If you knew the deceased or a member of the family, the answer is that it’s always better to attend the funeral. After many years of planning and overseeing funerals, our team has almost always found that a family appreciates that people made the effort to be there for them and to honour their loved one.
Sometimes it can be tricky to know if going to a funeral is appropriate if you didn’t know the deceased well or if you knew them well but don’t know their surviving family closely. You may wonder if attending the funeral is the right thing to do but rest assured that in most circumstances, your presence will be appreciated.
If you didn’t know the deceased well, keep your condolences brief, attend the visitation or service and be sure to quietly blend in and follow the lead of the other attendees. If you don’t know the deceased’s family well, it is respectful to briefly explain how you knew their loved one, share your condolences and move along in a receiving line or at a reception. Your presence and support will be valued by most families and you will likely feel much better that you chose to be there.
There are a few circumstances when you should not attend a funeral though. These include:
- Private Services – If a service is listed as private or family only, the details such as time and date will typically not be published but if you do become privy to this information, do not assume that you can attend unless you have been expressly invited by the family. In most cases, it is best not to even ask unless you are close family or have a significant bond with the person who has passed away.
- Covid Restrictions – There will be times that as restrictions change, a family may be required by law to strictly adhere to a set number of attendees. If you have not been directly invited to attend the service, be sure to ask a member of the family or the funeral home if there is room for you to come. You should also refrain from bringing anyone else with you in these cases as they will not be accounted for in the allotted number of guests.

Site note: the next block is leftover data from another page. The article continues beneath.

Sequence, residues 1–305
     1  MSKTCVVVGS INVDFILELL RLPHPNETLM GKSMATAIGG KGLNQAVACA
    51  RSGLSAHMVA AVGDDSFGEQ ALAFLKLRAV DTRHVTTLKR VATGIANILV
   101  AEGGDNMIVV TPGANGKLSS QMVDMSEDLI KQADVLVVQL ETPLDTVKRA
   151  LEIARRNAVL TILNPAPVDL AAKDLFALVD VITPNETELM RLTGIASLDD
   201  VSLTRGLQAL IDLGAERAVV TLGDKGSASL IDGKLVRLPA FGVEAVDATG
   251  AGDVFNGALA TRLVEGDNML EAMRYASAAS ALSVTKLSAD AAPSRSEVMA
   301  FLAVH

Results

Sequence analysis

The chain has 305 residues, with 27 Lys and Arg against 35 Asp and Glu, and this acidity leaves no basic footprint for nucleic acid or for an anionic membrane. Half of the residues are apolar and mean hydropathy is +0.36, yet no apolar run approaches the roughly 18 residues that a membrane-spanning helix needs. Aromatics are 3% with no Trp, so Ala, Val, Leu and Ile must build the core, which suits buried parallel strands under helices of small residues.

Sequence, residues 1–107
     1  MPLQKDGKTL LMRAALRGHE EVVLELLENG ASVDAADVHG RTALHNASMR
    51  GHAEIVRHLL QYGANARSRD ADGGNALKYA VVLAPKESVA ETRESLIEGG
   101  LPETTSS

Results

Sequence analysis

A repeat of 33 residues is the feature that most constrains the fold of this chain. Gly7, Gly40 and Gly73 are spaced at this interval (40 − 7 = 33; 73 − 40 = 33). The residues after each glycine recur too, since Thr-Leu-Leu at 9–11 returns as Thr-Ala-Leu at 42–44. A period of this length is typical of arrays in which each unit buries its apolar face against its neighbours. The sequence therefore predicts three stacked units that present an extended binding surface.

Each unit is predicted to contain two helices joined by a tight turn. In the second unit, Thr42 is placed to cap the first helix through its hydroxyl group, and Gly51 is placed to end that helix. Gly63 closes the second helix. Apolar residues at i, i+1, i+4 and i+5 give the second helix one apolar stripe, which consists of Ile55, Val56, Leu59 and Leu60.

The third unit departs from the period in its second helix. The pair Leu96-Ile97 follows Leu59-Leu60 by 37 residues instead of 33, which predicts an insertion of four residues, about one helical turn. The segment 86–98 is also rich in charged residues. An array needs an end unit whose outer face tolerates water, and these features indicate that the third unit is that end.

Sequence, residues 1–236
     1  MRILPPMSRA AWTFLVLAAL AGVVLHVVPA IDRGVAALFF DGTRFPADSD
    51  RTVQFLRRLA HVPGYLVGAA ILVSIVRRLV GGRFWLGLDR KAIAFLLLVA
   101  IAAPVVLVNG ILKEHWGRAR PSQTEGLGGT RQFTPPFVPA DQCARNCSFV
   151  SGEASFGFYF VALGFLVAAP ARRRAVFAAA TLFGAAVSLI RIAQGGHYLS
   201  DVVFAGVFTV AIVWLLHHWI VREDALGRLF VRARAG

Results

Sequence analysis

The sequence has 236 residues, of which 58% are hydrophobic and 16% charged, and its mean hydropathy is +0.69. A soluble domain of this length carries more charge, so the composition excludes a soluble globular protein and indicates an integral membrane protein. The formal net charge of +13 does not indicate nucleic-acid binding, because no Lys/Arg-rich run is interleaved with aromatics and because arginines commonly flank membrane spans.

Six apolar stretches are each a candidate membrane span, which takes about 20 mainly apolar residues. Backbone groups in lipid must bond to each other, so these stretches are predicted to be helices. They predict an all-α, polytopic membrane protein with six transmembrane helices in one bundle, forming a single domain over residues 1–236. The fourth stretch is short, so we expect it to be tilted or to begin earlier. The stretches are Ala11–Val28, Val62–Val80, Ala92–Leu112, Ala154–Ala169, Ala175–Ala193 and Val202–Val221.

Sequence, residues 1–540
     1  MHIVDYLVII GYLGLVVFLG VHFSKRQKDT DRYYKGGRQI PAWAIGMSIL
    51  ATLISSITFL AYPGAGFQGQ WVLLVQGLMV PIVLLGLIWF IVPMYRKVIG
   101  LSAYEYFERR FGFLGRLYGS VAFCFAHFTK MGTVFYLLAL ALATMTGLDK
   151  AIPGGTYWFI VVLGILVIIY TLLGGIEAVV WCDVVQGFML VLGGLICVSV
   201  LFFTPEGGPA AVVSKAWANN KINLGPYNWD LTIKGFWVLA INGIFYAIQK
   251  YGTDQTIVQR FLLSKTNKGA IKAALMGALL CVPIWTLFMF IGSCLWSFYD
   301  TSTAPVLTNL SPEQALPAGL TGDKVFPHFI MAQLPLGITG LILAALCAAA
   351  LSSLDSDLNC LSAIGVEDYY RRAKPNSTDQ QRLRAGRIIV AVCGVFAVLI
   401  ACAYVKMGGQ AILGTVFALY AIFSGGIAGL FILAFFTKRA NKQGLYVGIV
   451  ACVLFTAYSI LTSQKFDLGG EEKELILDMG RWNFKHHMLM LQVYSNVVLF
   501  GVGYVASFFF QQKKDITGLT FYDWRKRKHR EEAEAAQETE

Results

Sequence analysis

- High Tension – Sometimes the things that happened during the life of the deceased no longer matter and you want to express your grief or condolences even if there was tension or strained relationships, but if you believe that your attendance at a funeral may bring additional grief or tension to the family, it may be best to choose not to. Your condolences can be shared in other ways in these circumstances and you may be able to pay final respects at a time when other family members are not present. This is something you should discuss with a member of the family that you have a less strained relationship with.
Attending a funeral is about showing your support for a grieving family and saying goodbye to someone you knew that has passed away. In most cases, it is beneficial to the family and to you to be there so you should. If you are unsure if attending would be appropriate due to strained relationships, privacy or headcounts to meet restrictions, be respectful and discuss it with the family ahead of time.